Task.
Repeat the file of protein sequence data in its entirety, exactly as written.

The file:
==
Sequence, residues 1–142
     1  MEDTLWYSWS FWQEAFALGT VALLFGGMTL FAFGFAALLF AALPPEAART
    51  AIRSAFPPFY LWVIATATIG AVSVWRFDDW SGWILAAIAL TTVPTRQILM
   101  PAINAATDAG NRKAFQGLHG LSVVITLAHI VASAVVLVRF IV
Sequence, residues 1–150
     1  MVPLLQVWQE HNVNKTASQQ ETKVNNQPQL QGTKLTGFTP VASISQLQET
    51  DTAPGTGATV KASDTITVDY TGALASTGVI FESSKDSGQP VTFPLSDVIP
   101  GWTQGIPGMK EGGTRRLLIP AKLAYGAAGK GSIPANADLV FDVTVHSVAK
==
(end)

Sequence, residues 1–142
     1  MEDTLWYSWS FWQEAFALGT VALLFGGMTL FAFGFAALLF AALPPEAART
    51  AIRSAFPPFY LWVIATATIG AVSVWRFDDW SGWILAAIAL TTVPTRQILM
   101  PAINAATDAG NRKAFQGLHG LSVVITLAHI VASAVVLVRF IV
Sequence, residues 1–150
     1  MVPLLQVWQE HNVNKTASQQ ETKVNNQPQL QGTKLTGFTP VASISQLQET
    51  DTAPGTGATV KASDTITVDY TGALASTGVI FESSKDSGQP VTFPLSDVIP
   101  GWTQGIPGMK EGGTRRLLIP AKLAYGAAGK GSIPANADLV FDVTVHSVAK